macchina fotoWe live in the Instagram era, when even a simple cup of coffee suddenly becomes one of the most artistic things to be photographed. After sharing your shot with all your friends on the web (so that you’ll have shown that you DO have a social life, yop!), you put back your Reflex (the best camera ever for shooting cups of coffee, we all know that) and notice that its lens is a bit misted up. Inside. So you’ll never be able to get rid of it and all your shots will look blurry. You’ll be able to post only photos of blurry coffee served in blurry cups on blurry tables. You’ll be a blurry person, forever.

Now, transpose this “blurriness” to one of your eyes. Imagine you have one eye which “works” perfectly, like HD vision, and the other one with some misted up lens inside, so that everything you see looks blurry. This is clearly a much worse problem than not being able to shoot cool photos. This problem is called Cataract and nowadays is the most common cause of vision loss in people aged over 40.

human eyeHuman eye is composed of different layers. Without giving too many details, a very important component of the eye is a transparent tissue known as crystalline lens. This lens is able to change its thickness so that the eye is able to focus on objects at various distances. The changes of thickness are controlled by a suspensory ligament, called Zonule of Zinn, that connects the crystalline to the ciliary body of the eye. Their combined movements are really important for correctly focusing light onto the back of the eye (the retina) so that images appear clear and without distortion.

The crystalline lens is made mainly of water and proteins and it is nourished by the aqueous fluid that is present between the cornea and the crystalline lens. Metabolic changes of the crystalline lens fibers over time lead to the development of opacifications, mainly due to the proteins that clump together. As a consequence, the lens gets “clouded” and this clouding is actually known as Cataract. This process normally worsens the way light enters the eye and, as a result, our sight is blurry.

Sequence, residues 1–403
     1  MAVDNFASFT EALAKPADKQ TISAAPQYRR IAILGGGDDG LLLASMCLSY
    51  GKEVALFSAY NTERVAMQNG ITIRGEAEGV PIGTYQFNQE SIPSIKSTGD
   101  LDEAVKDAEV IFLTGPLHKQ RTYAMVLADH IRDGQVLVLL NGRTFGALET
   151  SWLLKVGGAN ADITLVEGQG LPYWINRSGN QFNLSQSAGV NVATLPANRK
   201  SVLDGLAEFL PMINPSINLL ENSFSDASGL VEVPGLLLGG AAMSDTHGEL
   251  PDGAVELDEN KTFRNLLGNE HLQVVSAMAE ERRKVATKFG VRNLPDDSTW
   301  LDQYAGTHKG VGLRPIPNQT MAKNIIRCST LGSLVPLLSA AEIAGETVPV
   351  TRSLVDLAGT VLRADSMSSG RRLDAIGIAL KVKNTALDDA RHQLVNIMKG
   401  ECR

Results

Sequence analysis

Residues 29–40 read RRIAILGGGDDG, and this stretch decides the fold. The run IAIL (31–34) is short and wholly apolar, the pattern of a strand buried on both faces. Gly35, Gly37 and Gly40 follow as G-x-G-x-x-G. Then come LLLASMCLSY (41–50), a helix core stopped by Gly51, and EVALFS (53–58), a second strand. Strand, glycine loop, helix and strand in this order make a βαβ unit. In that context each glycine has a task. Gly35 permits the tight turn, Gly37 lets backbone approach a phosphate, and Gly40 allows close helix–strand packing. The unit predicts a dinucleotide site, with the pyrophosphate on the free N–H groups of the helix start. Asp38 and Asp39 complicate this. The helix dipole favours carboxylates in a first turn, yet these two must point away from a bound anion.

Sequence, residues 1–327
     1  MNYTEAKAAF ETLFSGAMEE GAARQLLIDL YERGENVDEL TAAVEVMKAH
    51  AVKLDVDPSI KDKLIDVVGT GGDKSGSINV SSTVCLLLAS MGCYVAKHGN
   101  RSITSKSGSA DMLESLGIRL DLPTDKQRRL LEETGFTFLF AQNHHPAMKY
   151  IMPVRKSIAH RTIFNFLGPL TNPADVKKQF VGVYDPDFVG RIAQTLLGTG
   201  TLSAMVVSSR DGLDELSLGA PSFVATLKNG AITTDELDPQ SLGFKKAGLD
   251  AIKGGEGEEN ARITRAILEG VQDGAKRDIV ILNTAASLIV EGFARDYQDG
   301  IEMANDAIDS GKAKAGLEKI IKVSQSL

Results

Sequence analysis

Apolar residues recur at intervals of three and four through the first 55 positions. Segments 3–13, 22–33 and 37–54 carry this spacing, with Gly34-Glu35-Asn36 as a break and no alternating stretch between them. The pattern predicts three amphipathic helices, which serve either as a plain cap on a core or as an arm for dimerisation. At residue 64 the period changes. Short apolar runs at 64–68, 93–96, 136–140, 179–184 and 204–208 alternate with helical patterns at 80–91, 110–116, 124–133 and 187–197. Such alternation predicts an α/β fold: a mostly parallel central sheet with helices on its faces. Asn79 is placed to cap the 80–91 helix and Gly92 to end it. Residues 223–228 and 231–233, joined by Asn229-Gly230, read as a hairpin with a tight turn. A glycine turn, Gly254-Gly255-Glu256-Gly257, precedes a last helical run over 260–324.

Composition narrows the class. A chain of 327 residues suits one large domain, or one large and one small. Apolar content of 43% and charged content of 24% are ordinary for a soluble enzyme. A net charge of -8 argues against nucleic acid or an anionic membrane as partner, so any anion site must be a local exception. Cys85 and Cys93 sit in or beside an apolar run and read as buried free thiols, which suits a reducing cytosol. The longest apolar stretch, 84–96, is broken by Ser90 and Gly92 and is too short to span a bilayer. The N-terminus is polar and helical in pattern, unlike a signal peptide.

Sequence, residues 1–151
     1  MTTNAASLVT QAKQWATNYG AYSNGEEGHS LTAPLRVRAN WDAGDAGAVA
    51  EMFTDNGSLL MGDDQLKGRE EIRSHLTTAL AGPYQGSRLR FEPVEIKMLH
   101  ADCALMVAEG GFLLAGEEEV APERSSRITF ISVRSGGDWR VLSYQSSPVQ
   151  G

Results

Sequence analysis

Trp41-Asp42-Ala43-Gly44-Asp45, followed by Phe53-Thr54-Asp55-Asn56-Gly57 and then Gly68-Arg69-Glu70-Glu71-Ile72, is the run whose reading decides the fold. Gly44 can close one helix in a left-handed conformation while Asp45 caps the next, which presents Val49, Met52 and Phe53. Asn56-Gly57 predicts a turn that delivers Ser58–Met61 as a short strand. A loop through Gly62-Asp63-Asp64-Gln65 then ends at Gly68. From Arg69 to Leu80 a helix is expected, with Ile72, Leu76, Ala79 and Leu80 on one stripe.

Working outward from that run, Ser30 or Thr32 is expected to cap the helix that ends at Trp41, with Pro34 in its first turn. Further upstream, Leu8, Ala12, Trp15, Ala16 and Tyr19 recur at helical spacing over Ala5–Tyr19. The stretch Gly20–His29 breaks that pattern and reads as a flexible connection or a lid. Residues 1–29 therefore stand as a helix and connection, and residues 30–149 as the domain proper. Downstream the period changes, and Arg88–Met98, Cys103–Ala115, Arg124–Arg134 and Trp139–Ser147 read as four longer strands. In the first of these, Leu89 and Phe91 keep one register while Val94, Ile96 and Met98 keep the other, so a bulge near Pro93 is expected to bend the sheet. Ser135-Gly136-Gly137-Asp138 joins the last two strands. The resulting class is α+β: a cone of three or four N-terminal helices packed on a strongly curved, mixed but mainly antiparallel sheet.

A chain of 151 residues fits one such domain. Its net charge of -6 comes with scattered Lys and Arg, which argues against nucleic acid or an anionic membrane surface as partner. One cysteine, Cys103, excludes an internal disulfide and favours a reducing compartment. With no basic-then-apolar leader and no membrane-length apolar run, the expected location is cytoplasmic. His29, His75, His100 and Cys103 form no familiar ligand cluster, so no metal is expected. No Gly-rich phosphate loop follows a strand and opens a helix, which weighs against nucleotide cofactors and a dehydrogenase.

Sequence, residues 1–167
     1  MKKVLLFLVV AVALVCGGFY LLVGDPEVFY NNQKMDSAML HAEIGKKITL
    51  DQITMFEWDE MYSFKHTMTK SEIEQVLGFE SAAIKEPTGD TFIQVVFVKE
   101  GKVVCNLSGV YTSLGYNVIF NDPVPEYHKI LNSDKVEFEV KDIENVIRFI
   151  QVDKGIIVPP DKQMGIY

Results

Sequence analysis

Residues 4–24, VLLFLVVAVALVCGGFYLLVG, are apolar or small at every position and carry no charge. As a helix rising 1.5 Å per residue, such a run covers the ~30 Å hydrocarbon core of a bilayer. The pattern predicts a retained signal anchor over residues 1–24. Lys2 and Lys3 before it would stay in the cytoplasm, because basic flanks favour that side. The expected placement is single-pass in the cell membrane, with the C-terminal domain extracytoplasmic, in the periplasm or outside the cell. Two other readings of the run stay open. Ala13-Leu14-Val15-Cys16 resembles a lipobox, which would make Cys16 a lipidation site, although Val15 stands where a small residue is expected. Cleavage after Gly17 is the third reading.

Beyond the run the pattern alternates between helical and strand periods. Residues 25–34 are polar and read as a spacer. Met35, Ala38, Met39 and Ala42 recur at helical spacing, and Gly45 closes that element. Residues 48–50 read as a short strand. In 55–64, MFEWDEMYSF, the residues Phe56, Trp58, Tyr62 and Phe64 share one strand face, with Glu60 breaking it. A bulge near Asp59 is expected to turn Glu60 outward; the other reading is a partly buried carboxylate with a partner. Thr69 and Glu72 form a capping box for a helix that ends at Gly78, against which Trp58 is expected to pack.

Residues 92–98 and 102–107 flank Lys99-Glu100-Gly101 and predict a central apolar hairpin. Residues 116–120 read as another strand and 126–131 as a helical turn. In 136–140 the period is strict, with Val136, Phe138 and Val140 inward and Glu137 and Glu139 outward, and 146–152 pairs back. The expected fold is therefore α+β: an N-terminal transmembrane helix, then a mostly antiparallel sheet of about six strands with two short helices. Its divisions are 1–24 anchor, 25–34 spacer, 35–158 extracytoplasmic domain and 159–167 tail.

Cataract vs Normal

Nowadays, modern cataract surgery is one of the safest and most effective surgical procedures. Over 90% of operations are successful in restoring useful vision, with a low complication rate. The operation itself is typically performed using only local anesthesia and in one-day hospitals. Very often, the postoperative recovery is really quick and can greatly reduce the patient’s dependence on eye glasses.

cataract surgeryThe most common surgical procedure for removing cataract is the so called phacoemulsification.

By using a microscope, the surgeon focuses on the lateral side of the eye and makes a small incision on the cornea.

Then, a tiny ultrasound probe is inserted into the eye in order to break the lens. The high vibration frequency (40 kHz) of the probe tip causes the emulsification of the lens material, which gets broken in very small fragments.

By accessing the eye always through the same incision, the crystalline pieces are removed through an aspiration probe.

Next, the same tool is employed again, this time to insert an artificial intraocular lens that actually replaces the crystalline. The artificial lens is usually made of plastic, silicone or acrylic compounds and is supposed to remain in place for the rest of the patient’s life. No stitch is generally necessary, just a protective shield is usually placed over the eye to keep it safe in the early recovery stages.

Recently, lasers have been approved for use in cataract surgery: they improve the accuracy of the surgery, since they reduce the need for surgical blades and other hand-held tools. Moreover, they result to be more efficient than ultrasonic probes for crystalline fragmentation. Laser-assisted cataract surgery is fairly new and significantly increases cataract surgery cost. However, medical consultation is always the best way to evaluate all the possible surgical risks.

sources: one, two and three